In , not long before the COVID-19 pandemic swept through most of the world, reducing our social and romantic lives to on-the-web (mis)adventures, Dante, 27, downloaded Tinder, Bumble and Hinge, the three dating apps his friends recommended. Dante wanted to meet people, have fun and “wasn’t trying to look for quick hookups.”
In a span of a year, Dante had gone on more than 60 dates, with varying degrees of success. To some of his dates, he never texted back (“The vibe just wasn’t there.”) Later on, he was “ghosted” when his Hinge girlfriend of two months cut all communication with him without ever explaining why. Alas, he was also catfished, when he discovered another date was using photos from five years ago. “I didn’t even recognize her!” he says.
As described by a scientist at Kinsey Institute for Research in Sex, Gender, and Reproduction, internet dating is the one of the most significant events in the evolution of human reproduction in human history (second only to that time when Homo sapiens became a non-migratory species, something like ten thousand years ago). And according to a Stanford study, in 2017, about 40 percent of heterosexual couples and 60 percent of same-sex couples in the US met online. That makes online dating the most common way that American couples now meet, even before social distancing-related spikes in dating app signups happened.
Elizabeth Timmermans, a Belgium-based researcher and an author of Love in the Age of Tinder explains that online dating dates back to the 90s and rise of the internet. “It was reserved for geeky people who had a computer, and you had to be at home behind these huge screens that you couldn’t take anywhere,” Timmermans says. “The chances were high you were chatting with someone living on the other side of the country, or even the continent.”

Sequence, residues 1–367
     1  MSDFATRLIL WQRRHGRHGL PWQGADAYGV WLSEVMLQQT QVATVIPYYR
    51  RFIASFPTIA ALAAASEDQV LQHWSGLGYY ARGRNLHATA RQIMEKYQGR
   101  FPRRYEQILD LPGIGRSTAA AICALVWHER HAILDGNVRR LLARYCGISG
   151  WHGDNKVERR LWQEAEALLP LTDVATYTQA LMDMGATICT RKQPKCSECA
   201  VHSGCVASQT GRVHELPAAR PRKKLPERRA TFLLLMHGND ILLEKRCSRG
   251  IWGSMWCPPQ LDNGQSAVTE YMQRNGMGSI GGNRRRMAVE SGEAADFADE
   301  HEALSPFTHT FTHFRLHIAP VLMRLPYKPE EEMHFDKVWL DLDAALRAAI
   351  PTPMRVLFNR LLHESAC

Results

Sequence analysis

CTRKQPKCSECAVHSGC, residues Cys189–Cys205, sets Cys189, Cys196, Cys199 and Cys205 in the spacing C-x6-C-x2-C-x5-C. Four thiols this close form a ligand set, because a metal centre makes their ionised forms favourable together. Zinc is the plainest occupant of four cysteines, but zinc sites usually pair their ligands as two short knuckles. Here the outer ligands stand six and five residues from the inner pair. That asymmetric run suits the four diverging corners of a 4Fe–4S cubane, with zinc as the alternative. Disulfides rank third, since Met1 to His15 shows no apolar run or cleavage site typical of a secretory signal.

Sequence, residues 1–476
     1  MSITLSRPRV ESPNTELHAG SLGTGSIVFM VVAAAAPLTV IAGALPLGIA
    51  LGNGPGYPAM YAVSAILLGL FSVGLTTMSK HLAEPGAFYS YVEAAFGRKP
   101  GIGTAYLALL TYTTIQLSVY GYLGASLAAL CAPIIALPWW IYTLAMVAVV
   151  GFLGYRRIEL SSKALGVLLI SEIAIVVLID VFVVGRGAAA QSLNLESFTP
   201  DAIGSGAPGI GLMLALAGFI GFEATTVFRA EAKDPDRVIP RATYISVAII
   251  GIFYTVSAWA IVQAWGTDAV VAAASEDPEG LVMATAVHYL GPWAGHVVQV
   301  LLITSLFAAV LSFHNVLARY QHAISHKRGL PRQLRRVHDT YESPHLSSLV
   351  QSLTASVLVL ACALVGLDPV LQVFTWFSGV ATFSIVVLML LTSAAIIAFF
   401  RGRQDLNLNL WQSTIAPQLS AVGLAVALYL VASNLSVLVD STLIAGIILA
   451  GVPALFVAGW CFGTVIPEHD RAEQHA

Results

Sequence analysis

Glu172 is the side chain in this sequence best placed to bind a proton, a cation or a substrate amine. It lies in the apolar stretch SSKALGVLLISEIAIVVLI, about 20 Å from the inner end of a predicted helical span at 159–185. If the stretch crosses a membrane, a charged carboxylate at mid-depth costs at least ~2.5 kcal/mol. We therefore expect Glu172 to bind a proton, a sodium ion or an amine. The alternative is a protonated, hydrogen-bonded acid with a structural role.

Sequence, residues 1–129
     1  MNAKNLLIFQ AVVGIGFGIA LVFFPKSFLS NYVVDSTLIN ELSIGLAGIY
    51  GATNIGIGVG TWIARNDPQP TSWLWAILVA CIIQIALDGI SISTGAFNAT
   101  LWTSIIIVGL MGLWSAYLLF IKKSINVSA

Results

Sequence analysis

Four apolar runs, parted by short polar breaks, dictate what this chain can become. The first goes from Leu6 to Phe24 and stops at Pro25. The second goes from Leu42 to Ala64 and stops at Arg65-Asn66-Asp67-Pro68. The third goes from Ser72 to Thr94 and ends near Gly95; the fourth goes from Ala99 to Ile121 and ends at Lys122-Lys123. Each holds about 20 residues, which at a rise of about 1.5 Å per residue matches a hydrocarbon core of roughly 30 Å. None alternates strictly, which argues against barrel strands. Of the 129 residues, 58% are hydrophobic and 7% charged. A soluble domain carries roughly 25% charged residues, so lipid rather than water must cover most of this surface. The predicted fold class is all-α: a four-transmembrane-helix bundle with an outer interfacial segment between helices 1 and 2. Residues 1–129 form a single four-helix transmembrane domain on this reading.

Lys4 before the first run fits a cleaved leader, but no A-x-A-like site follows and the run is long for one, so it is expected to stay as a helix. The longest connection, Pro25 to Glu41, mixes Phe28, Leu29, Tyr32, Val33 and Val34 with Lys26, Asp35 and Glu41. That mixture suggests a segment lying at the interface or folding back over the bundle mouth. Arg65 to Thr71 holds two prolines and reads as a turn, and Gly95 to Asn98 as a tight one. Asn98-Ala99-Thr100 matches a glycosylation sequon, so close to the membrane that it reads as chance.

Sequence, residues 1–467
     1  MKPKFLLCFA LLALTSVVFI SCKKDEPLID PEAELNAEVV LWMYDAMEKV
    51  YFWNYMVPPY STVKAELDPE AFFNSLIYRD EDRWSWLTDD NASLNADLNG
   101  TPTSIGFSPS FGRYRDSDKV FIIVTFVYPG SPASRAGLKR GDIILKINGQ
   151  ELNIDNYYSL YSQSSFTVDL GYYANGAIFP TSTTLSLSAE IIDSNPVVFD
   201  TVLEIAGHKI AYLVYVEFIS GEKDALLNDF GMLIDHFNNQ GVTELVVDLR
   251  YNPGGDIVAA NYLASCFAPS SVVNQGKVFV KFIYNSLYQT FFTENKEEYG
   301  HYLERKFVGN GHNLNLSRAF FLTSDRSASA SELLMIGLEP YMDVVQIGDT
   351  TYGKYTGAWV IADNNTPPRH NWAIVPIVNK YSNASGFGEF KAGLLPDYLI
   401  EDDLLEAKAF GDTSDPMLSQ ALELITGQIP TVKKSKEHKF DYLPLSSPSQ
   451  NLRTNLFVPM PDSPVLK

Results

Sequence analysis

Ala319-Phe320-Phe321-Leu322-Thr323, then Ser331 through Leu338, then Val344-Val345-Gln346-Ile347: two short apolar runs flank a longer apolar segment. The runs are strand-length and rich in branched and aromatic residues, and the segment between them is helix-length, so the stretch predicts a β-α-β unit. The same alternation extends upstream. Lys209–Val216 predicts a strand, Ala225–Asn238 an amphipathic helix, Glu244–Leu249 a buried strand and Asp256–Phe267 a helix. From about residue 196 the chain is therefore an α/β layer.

The first location-based apps changed that. Grindr was launched in 2009, and it helped single, often anonymous gay men link up by searching for other active users within a specific geographic radius. Then, with the launch of Tinder in 2012, smartphone-owning people of all sexualities could start looking for love, or sex, or casual dating in their area, and it quickly became the most popular platform on the market.
Today, there is no shortage of dating apps available. The most notorious hookup app, especially among the younger folks, remains Tinder, with its popular “swiping” feature: online daters use right or left swipes to “like” or “dislike” photos of other users (if each of you swipes right on the other person – it’s a match). Tinder now reports 1.6 billion swipes and 26 million matches a day.
Bumble is America’s second favorite app, and its swiping feature comes with a catch: Anytime there’s a match, only users who identify as women can text first. Some apps like Hinge removed the swiping feature entirely, and instead, users spark a conversation with a person of interest by liking their photo or commenting on a prompt in their profile, such as “a life goal of mine” or “the most spontaneous thing I’ve ever done.”
The dating apps Plenty of Fish, Match and OKCupid are also among the 10 most popular in the US and are commonly thought to be more romance-friendly than Tinder. Then there are Senior People Meet for those finding love later in life; FarmersOnly for the countryside romance; Raya for celebrities; the infamous Ashley Madison for affairs; and Marry Me Already, presumably for those who have grown tired of the dating scene, virtual or otherwise.